Nearing post-Covid travel, inflation, taxes, and Child Tax Credit payments
JoBeth and I took our first post-Covid-19 airplane flight this past week. We visited my children in Taos, NM, and stopped in Santa Fe, NM for a couple of nights. There was a distinct contrast in mask and social distancing between San Francisco and New Mexico. NM has a high vaccination rate but compliance with public health measures was notably less stringent than SF. It was a bit shocking to us and we still made an effort to eat outside or do takeout to bring to our hotel room. When we entered stores we were told a couple of times that we could remove our masks if we wanted. It reminded us of how compliant we are in SF and that is one important reason for our success in getting in front of this public health crisis.
We are planning more trips including domestic travel this year and international travel next year. This recent trip made us more aware that what feels “safe” for us might not be the same definition of safe for others, a topic we covered last week in the SAS blog entry "Decision Paralysis." Also, how we behave in our SF bubble is not necessarily what is happening elsewhere, especially internationally.
As we near new highs in market averages the inflation fear seems to be receding for the moment. Interest rates are stable at the lower end of a range with mortgage rates declining again. The housing market and even sectors of commercial real estate are on fire. The potential federal infrastructure deal is yet to be formulated with substantial disagreements about defining infrastructure as well as funding being substantial hurdles. Raising taxes is anathema to Republican legislators even as we discover that billionaires are legally paying very little, reportedly as low as a 3.5% rate for federal income tax for those including Warren Buffett, Jeff Bezos, and George Soros.
As the American Rescue Act continues to unfold, July 15th will be the beginning of the Child Tax Credit payments to over 80% of Americans with children. The payments are higher for younger children and eligibility have income caps. Child poverty rates should decline substantially as a result of these payments. There is also a goal on the part of the President to make these payments permanent.
We are paying attention to the bipartisan efforts of Congress to pass a Secure Act 2.0 including lifting the Required Minimum Distribution age to 73 and gradually much higher. Catch-up contributions could be increased as well. Currently, the bill is being formulated so we will see what comes out of the chopped liver.
Secretary of the Treasury
Janet Yellen and the gang of 7 international powers have endorsed a minimum corporate tax rate of 15%. This is significant because of the corporate search for the lowest tax rate headquarters allowing some of our largest, most profitable corporations to pay little or no corporate tax.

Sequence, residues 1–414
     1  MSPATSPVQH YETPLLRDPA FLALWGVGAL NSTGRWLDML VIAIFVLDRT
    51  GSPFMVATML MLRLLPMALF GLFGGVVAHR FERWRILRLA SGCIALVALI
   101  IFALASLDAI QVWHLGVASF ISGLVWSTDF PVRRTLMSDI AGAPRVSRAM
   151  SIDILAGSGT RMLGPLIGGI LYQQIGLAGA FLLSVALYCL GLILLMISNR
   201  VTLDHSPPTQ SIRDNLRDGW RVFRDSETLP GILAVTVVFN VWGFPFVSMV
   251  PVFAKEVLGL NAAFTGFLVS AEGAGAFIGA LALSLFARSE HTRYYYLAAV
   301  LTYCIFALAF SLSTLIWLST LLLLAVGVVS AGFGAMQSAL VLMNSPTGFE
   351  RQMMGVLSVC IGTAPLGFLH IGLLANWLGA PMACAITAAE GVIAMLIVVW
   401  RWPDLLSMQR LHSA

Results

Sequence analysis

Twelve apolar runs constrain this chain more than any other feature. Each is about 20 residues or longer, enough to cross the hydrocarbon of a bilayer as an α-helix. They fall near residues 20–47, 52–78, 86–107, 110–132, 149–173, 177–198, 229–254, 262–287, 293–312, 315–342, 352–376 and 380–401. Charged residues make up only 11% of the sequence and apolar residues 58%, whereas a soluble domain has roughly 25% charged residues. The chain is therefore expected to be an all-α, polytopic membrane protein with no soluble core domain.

Recently in a parenting blog post, Monique came across an article suggesting a helpful lens on nurturing a healthy relationship with a growing child. The article offered solace to parents and partners of young children feeling stretched thin by the day’s demands with a suggestion of holding space for 9 special minutes spread throughout the day.
These three-minute intervals could serve as important touchpoints for the parent-child connection. The article suggested that the first three minutes after the child wakes, the first three minutes when they come home from school or a play date and the last three minutes before they drift off to sleep are meaningful moments.
Set aside the pressure of trying to be a perfect parent 100% of the time and instead mindfully connect with your child first in these manageable moments. If we can be 100% present in these intervals we can alleviate the unrealistic pressure in trying to be the “best” 100% of the time. Try to track these minutes on a calendar for a period of time to keep yourself accountable, and remember, seek progress, not perfection. From there, adjustments can be made beyond this achievement. Sounds less exhausting too, doesn’t it?
This mindfulness practice can be applied to any relationship. Think about our relationships with our spouse, extended family, and old friends. Many of these relationships suffer from the consequences of busy schedules and long to-do lists. All evolving relationships can be improved by creating meaningful space for each other. Awareness helps lift us from the mire of the day’s demands and appreciate these special moments with each other.
This intentionality also applies to your relationship with money. At SAS, checking in with us serves as one important touchpoint by addressing and refreshing your goals annually and checking in with yourself/your household monthly. Reflecting on whether or not your household expense patterns and the way your household spends time - are these expenses and time spent on the experiences and things that are most meaningful for you? If the answer is no, or not quite, this insight allows you to meaningfully shift towards those expenses and experiences that are more aligned with your values, leading to higher day-to-day levels of contentment and satisfaction. If you ever need a sounding board, we’re here for it!
Planning Tip of the Week
Several of our clients have started new jobs this year. We stumbled across this article which highlights the importance of having a plan for your old 401(k) balances- we can help if you ever need guidance here!
This website is informational only and does not constitute investment advice or a solicitation. Investments and investment strategies recommended in this blog may not be suitable for all investors. SAS Financial Advisors, LLC and its members may hold positions in the securities mentioned within this newsletter.